Jeff's Sugar Shack

This spring has not been the best of seasons for the maple syrup producers. The weather patterns, though delightful to enjoy, have been misery for sap collection. In mid February there was a run of days where the daytime temperature was around 40 and the nights were around 2o-30 degrees. This is perfect for a sap flow. However many figured it was a tad early to tap the trees. Keep reading

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Sweet water

My son and I are getting excited to start the maple sugaring season again. I stopped in to my friends place the other day in Liberty, Pa. He has quite a large maple sugaring operation. He had mentioned to me that he had some supplies that he no longer needs and was either going to give them away or burn it all. It was apparently just taking up space and he had no use for them. So, of course, I came down to see what all he had. I was amazed as to the amount of equipment he had for his operation. He really had it down to an efficient system. He showed me all around his shack and explained how everything worked.

His sugar shack is quite impressive for the size of it. I will add pics of his shack to this post when I get them. Check back!

I was able to walk away with hundreds of feet of main line tubing, regular tubing and many many spiles. I am so appreciative!


The Sugar Shack

The Sugar Shack

I have been delightfully pleased by the output of the 15 taps I have. Two or three of my 5 gallon buckets have been overflowing by mid day! I just wonder how much I have lost because it filled over. I also had one hose back out of the bucket, and again the same tree, this morning the bucket had blown away. Fortunately, that tree isnt a huge producer, but every little bit adds up! I just went to my friends house and dumped 25 gallons into his bulk tank.

As I stated before, I am just tapping and collecting. He has the time, equipment and experience to boil it down. So I get half the maple syrup that my sap produces as a trade off for not having to boil it. So anyway, I went to his sugar shack and no one was around. I was hoping he would be home, so I could have gotten his picture in here. Maybe when he starts boiling I will run over and get some pics of the process.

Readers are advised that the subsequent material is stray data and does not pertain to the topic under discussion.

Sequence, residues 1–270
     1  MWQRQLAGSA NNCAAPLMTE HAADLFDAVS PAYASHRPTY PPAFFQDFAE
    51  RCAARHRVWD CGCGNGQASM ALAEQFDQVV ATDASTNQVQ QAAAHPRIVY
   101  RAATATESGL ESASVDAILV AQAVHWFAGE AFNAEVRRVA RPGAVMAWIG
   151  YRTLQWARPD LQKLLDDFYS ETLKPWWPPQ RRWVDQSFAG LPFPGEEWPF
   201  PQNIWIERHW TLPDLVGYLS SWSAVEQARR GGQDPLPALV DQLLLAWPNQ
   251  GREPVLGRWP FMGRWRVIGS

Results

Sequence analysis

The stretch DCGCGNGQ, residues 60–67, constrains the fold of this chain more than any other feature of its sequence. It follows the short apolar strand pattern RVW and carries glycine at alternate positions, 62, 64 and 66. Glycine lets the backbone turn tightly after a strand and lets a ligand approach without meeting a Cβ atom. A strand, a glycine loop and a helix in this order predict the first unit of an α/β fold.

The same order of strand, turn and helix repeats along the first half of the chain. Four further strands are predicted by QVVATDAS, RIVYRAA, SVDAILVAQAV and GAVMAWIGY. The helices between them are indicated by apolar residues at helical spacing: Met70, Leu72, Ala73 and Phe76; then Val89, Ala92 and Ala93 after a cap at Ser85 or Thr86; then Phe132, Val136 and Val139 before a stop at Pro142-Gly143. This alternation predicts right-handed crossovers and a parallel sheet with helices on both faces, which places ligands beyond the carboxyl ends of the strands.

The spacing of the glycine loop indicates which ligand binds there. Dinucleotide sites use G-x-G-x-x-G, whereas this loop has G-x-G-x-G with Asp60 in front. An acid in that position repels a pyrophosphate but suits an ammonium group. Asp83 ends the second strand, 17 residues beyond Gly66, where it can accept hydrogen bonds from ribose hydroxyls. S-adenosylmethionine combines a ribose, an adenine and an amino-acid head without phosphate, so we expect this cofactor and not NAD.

I posted a picture of a sugar shack that looked like his a few posts back. Today while dumping my buckets, I decided to snap a few pics of his shack for you to see. He has a stainless bulk tank that is really just an oldĀ  milk tank from a dairy farm. He has hoses from tapped trees all leading to this tank through one final hose. Then out the back he has another hose attached at the bottom with a shut off valve. This hose goes straight out the back as the hill slopes down the hose stay straight and meets the shacks roof where it enters the shack. Quite ingenuous if you ask me!

Bulk tank for sap storage

Bulk tank for sap storage

Hose entering shack through eves

Hose entering shack through eves

Then in the shack he has an evaporator. I believe his set up has evolved over the years getting more and more efficient with better equipment. As you can see there isn’t much room inside, and my flash doesn’t work, so its a bit dark.

Evaporator

Evaporator

The shack is built into the hill so that the back side provides a wood storage place to keep the wood under roof. If you are outside, you can see at around head level, there is a trap door to feed the wood insede the shack. This is a very efficient way to feed the stove under the evaporator! inside the shack. As you can see, it takes a lot of wood to make the amount of sap that they make. The more efficient your evaporation the less wood you need. My friends set up is quite efficient…he just makes a lot of syrup!

Wood

Wood

Dry wood and trapdoor

Dry wood and trapdoor